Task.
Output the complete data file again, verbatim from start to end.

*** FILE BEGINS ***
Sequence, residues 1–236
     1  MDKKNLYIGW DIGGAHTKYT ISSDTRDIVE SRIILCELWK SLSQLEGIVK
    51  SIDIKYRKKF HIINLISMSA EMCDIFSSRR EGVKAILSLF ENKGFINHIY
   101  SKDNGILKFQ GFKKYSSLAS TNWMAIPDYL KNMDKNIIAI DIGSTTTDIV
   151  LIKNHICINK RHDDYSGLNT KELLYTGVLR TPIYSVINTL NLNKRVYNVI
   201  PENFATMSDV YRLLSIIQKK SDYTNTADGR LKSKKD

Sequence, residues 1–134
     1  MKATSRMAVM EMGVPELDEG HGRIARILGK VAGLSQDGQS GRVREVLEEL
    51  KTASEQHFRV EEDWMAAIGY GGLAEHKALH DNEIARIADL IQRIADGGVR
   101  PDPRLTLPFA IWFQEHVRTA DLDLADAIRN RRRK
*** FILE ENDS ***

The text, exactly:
Sequence, residues 1–236
     1  MDKKNLYIGW DIGGAHTKYT ISSDTRDIVE SRIILCELWK SLSQLEGIVK
    51  SIDIKYRKKF HIINLISMSA EMCDIFSSRR EGVKAILSLF ENKGFINHIY
   101  SKDNGILKFQ GFKKYSSLAS TNWMAIPDYL KNMDKNIIAI DIGSTTTDIV
   151  LIKNHICINK RHDDYSGLNT KELLYTGVLR TPIYSVINTL NLNKRVYNVI
   201  PENFATMSDV YRLLSIIQKK SDYTNTADGR LKSKKD

Sequence, residues 1–134
     1  MKATSRMAVM EMGVPELDEG HGRIARILGK VAGLSQDGQS GRVREVLEEL
    51  KTASEQHFRV EEDWMAAIGY GGLAEHKALH DNEIARIADL IQRIADGGVR
   101  PDPRLTLPFA IWFQEHVRTA DLDLADAIRN RRRK